Born Before All Time: The Dispute over Christ’s Origin.
This book is published by SCM Press Ltd, London, UK.
Commenting on Philippians 2:6-11 :-
"… present-day exegetes have drawn the radically opposite conclusion that the Philippians hymn does not speak of the pre-existence of Christ at all. Indeed, an increasing number of present-day New Testament scholars with good reason question the premises of exegesis hitherto and cannot see pre-existence, let alone incarnation, in the Philippian hymn."
"Jerome Murphy-O’Connor can therefore draw the basic conclusion:
‘Strophe 1: As the Righteous Man par excellence Christ was the perfect image (eikon) of God. He was totally what God intended man to be. His sinless condition gave him the right to be treated as if he were God, that is, to enjoy the incorruptibility in which Adam was created. This right, however, he did not use to his own advantage, but he gave himself over to the consequences of a mode of existence that was not his by accepting the condition of a slave which involved suffering and death. ...’ "
page 254 ... Kuschel comments on Matthias Rissi's exegesis :-
"So for Rissi ... The sources are neither wisdom reflections on the righteous sufferer nor mythological speculations about a pre-existent divine being, but the messialogy of the book of Isaiah. So vv. 6 and 7 would not be speaking of a pre-existent heavenly being or of incarnation, but solely of the life of Christ on earth. Rissi's conclusion is that 'the Christ as the true man in God's purpose did not let himself be led astray like the first man but remained sinless; however, he did so not as an ideal figure but as a real human being. He fulfils the role of the servant of God in Isa. 53. He is the man Jesus who was exalted because he humbled himself, and at the end will receive eschatological homage from all. This is clearly a Jewish-Christian interpretation of the career of Christ on the basis of a christological interpretation of the Old Testament."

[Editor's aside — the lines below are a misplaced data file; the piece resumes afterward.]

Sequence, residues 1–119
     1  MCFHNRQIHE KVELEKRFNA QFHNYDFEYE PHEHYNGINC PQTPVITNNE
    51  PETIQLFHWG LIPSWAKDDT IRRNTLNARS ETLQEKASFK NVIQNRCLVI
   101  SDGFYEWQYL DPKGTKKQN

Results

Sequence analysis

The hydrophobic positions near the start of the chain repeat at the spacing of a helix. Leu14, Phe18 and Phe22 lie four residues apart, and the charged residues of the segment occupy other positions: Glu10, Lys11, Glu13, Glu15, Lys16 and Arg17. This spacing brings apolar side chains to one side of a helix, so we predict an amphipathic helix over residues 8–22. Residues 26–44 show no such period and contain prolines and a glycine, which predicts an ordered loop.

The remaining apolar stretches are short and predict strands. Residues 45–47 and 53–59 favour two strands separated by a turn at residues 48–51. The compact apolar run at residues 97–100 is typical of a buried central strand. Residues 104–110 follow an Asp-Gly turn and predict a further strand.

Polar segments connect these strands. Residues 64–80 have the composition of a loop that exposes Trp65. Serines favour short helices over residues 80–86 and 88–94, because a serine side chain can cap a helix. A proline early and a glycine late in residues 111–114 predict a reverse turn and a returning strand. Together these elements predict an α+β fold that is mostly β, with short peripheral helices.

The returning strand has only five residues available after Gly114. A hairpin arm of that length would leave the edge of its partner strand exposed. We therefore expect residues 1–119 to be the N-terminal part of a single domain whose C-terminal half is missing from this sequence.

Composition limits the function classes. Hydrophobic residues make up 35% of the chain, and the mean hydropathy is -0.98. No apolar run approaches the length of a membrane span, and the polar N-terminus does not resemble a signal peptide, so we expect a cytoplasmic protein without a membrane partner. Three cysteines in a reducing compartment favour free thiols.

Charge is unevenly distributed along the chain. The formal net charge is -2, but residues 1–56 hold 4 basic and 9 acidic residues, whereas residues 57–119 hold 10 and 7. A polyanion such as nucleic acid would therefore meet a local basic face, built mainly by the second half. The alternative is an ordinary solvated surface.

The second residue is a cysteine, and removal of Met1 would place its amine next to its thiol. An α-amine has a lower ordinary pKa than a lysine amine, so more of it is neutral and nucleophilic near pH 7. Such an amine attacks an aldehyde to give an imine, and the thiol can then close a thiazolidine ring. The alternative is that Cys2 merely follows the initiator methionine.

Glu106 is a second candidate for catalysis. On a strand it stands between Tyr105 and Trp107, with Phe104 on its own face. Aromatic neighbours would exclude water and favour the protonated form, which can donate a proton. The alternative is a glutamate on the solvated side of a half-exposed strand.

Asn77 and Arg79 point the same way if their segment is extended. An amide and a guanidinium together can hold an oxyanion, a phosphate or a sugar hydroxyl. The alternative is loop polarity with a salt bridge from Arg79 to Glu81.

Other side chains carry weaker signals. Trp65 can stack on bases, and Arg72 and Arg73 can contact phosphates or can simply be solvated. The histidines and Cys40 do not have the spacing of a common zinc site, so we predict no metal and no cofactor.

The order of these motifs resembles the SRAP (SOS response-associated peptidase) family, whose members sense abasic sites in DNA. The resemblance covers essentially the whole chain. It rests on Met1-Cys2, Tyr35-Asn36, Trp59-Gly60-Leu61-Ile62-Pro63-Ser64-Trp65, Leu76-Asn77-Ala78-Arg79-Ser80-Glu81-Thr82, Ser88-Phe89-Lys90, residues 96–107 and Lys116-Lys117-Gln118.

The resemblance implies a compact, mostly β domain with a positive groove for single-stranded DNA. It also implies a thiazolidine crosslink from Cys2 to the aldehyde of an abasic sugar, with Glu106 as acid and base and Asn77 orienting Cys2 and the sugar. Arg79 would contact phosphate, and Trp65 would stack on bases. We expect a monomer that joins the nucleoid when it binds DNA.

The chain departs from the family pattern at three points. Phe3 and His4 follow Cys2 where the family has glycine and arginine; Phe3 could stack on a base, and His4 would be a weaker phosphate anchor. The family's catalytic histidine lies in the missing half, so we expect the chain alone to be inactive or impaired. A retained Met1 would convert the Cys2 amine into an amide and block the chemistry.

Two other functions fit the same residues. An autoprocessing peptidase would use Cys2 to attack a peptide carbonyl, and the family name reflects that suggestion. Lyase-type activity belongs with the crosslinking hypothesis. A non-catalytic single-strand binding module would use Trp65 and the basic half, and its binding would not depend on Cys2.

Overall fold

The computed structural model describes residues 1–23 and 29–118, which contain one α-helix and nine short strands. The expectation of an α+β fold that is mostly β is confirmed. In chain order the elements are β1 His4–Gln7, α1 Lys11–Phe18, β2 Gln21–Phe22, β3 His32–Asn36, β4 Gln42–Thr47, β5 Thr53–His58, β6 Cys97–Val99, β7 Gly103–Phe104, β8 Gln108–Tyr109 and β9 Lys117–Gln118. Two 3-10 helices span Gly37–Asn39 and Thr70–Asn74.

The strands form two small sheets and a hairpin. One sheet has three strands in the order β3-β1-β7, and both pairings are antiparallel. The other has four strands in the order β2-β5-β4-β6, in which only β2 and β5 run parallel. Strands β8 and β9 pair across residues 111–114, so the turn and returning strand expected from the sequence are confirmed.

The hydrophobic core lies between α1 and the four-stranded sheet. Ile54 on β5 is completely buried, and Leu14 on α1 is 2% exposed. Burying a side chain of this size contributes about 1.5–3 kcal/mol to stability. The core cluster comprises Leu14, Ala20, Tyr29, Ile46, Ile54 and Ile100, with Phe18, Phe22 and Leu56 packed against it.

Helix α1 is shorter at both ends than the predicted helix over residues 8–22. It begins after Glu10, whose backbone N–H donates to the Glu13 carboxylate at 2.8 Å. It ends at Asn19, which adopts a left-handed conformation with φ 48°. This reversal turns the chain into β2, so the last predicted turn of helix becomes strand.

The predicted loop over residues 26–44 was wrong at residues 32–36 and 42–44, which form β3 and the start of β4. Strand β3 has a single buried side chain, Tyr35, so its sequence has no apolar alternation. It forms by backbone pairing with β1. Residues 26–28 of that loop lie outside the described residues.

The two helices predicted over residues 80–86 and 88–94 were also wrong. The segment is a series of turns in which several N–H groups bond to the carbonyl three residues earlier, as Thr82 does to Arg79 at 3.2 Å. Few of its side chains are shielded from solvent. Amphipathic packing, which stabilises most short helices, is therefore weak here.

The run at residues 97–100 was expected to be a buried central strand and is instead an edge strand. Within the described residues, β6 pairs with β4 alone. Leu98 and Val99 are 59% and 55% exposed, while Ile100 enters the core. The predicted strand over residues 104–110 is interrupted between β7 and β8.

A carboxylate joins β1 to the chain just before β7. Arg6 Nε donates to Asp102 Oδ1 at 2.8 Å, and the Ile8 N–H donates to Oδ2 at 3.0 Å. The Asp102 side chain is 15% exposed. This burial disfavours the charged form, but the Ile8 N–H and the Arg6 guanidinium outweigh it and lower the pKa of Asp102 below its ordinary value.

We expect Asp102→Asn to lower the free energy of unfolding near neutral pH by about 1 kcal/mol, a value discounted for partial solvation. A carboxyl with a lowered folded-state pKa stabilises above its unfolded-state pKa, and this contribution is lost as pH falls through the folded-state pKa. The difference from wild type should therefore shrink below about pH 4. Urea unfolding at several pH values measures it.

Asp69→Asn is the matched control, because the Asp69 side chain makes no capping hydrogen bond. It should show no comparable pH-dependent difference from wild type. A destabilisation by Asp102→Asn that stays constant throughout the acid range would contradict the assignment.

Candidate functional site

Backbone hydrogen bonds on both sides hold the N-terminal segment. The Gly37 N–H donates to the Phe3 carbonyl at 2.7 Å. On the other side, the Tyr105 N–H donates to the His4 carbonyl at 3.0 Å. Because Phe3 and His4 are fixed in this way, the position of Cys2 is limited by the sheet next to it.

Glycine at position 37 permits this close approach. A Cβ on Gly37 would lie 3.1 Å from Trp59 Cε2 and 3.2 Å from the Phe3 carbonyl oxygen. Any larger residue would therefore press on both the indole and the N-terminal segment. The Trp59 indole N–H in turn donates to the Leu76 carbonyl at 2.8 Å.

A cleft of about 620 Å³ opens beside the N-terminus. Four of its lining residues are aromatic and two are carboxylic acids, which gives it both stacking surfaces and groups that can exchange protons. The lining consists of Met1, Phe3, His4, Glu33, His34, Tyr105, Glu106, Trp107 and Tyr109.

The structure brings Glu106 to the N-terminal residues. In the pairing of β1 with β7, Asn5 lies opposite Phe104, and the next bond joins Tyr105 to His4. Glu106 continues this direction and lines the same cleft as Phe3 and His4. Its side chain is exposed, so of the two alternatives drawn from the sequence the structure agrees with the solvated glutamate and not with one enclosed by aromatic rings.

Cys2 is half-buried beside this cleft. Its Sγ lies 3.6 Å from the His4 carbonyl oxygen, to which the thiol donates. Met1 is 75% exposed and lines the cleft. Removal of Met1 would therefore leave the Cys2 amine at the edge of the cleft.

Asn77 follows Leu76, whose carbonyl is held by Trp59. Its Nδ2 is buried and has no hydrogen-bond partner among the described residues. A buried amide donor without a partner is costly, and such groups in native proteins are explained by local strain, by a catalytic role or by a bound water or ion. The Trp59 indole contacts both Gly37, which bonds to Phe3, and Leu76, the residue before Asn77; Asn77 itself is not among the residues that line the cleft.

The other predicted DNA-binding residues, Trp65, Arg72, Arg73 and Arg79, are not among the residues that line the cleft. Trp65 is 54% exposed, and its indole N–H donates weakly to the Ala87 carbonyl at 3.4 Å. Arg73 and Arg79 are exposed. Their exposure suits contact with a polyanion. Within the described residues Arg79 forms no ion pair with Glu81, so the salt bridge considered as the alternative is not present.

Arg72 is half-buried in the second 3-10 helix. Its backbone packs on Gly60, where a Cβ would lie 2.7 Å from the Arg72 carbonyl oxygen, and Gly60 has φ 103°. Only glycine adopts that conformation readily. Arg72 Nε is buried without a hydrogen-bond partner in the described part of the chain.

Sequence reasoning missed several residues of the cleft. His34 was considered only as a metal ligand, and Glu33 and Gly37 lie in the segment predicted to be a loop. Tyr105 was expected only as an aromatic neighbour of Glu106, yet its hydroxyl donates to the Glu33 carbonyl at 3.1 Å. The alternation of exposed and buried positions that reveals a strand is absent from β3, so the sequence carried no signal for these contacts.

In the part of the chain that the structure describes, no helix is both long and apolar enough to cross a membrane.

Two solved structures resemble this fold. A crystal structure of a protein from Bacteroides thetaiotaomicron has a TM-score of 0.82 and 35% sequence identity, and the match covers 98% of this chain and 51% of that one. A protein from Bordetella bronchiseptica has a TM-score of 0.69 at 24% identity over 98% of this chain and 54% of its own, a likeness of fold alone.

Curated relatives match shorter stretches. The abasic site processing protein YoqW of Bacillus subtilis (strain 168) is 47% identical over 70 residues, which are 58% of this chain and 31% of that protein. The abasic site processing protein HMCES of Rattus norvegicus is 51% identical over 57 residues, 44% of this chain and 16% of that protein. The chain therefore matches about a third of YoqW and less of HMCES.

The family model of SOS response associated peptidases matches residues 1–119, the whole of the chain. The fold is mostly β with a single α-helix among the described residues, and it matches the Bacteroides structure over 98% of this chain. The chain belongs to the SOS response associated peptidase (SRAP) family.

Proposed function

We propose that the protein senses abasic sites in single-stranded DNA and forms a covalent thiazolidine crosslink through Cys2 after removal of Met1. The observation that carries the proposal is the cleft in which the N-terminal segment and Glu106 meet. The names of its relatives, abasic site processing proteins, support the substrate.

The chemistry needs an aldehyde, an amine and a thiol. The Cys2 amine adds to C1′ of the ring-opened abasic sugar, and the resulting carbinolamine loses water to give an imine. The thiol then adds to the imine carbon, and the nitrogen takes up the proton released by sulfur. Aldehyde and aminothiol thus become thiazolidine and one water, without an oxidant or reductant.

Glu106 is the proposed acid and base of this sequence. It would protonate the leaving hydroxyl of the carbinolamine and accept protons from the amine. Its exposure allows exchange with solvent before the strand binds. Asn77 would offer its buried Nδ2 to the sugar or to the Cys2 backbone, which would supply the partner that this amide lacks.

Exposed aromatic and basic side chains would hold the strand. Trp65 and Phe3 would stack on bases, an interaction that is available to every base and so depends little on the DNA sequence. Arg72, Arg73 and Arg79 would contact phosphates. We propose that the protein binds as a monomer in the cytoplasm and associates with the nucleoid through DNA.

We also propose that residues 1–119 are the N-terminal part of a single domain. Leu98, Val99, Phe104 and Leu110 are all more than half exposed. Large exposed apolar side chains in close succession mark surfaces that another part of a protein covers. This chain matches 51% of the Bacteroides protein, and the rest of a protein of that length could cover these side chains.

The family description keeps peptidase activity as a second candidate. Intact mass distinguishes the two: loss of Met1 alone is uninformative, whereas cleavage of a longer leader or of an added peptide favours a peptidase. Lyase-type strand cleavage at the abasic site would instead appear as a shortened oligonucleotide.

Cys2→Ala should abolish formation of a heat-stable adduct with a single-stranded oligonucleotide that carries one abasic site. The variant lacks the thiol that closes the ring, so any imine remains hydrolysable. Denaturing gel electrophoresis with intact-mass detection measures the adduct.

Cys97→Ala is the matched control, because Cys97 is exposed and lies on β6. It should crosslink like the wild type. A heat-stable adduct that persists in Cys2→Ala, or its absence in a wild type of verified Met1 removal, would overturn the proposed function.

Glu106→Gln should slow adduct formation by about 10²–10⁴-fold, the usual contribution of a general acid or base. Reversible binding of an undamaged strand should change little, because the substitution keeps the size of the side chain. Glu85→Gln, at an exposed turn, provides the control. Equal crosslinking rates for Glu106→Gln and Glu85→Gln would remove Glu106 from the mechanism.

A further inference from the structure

page 254 ... Kuschel quotes Klaus Berger's conclusion :-
"The conclusion is that ‘from this sequence it follows that Phil. 2.6 is primarily concerned with making statements about high status and by no means necessarily concerned with pre-existence. I do not think that it can be proved that this is a statement about incarnation. ...’ "
pages 254-255 ... Kuschel :-
"The Jewish background is enough for understanding this hymn and indeed for providing continuity with Aramaic Jewish Christianity in the proclamation of Christ. So ‘humbling himself,’ ‘emptying himself,’ is not to be understood as the act of a mythological pre-existent heavenly being, but as a qualification of the man Jesus. Like the Son of Man and Son of God of the earliest Aramaic-speaking Jewish-Christian community, he was understood and confessed as a lowly figure and as God's plenipotentiary, as an eschatological representative, as the true human being and definitive messenger."
"What does all this mean for the question of the pre-existence of Christ? To sum up, we can now say that if we take note of the linguistic subtleties, the dynamic of inner movement and the poetic form of the text, this hymn does not contain what numerous interpreters seek and find in it: an independent statement about pre-existence or even a Christology of pre-existence. The text does not provide what Rudolf Schnackenburg once called the 'description of pre-existence'. Quite the contrary. ...
In 1977 the Freiburg exegete Anton Vogtle also came to a similarly sober conclusion: ‘No pre-existence of Christ before the world with an independent significance can be recognized even in Phil. 2. ...’ "
Commenting on whether there is in Paul a notion of pre-existence of Christ in Galatians 4:4 :-
page 274 ... Kuschel quotes James Dunn :-
"Dunn’s concludes: ‘Paul and his readers in writing and reading these words may well have thought only of the man Jesus whose ministry in Palestine was of divine commissioning and whose uniquely intimate relation with God was proved (and enhanced) by his resurrection, despite his rejection by the stewards of Israel’s heritage.’ "